Texas Bullnettle, Mala Mujer, Tread-softly, Spurge Nettle

Cnidoscolus texanus (Muell. Arg.) Small

Euphorbiaceae (Spurge family)


Texas Bullnettle is a spiny, deep-rooted, herbaceous perennial in the Spurge family. It usually grows to 1 to 3 feet or 0.31 to 0.91 m tall. The plant may have one to several spiny stems from a single root system. If a stem is broken, a milky white sap appears. The leaves of Bullnettle are dark green and located alternately along the stems. Each leaf is typically 5-lobed, crinkled in appearance, and covered with stiff, stinging hairs. The flowers, which appear from April through September, consist of five to seven white, showy, petal-like sepals that are united below. There are ten or more stamens and a 3-lobed pistil. The seeds are compartmentalized in a three- to four-celled fruit with a tough outer shell which is also covered with stinging hairs. The forage value of Bullnettle is poor for livestock and wildlife, but seeds may be eaten by various bird species.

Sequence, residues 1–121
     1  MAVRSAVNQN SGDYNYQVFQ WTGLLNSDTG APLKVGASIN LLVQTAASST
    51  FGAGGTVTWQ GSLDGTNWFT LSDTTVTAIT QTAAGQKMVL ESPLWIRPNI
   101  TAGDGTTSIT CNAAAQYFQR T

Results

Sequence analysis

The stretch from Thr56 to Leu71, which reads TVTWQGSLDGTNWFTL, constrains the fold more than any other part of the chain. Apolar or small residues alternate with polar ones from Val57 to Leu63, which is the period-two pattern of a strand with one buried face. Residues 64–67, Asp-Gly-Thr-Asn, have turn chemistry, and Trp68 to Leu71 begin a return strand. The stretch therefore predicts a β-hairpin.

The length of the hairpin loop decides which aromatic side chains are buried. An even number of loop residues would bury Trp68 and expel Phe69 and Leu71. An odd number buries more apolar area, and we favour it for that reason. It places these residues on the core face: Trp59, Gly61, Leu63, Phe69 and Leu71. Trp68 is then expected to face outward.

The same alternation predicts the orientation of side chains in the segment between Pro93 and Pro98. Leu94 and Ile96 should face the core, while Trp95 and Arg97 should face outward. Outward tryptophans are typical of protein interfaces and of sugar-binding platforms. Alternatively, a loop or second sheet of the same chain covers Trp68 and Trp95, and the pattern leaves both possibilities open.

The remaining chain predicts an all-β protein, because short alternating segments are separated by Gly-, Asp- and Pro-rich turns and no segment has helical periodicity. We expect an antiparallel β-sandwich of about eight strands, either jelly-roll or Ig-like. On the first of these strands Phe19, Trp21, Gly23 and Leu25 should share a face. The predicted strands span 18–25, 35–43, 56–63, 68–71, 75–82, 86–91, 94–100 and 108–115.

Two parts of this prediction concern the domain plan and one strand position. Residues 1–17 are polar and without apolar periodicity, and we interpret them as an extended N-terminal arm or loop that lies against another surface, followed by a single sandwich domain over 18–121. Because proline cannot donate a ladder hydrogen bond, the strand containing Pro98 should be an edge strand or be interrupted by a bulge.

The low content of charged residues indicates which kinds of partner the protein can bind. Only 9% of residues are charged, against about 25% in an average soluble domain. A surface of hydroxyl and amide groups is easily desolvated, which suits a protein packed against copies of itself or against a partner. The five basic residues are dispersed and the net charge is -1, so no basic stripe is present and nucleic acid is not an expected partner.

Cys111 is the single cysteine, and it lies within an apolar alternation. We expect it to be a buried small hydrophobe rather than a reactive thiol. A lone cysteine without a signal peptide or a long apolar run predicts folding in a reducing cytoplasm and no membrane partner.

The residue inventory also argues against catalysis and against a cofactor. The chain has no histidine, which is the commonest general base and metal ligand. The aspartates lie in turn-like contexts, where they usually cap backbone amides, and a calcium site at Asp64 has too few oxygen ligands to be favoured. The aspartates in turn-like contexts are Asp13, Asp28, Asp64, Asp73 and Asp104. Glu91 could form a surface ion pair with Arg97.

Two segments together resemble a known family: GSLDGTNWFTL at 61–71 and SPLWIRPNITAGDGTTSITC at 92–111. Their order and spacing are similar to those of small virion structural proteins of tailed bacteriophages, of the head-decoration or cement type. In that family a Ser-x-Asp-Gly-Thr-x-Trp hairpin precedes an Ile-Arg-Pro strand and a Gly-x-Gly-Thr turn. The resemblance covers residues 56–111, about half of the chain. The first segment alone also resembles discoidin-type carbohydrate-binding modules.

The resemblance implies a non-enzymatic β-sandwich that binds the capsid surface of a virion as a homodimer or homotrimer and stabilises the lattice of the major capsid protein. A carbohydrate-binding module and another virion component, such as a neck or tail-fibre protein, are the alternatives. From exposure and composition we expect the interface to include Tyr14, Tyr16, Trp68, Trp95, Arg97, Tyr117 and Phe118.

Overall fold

Bullnettle is a very common plant found in all soil types across Texas. It is most common on sandy soils and disturbed areas and thrives in hot weather. It is a very aggressive competitor in improved pastures.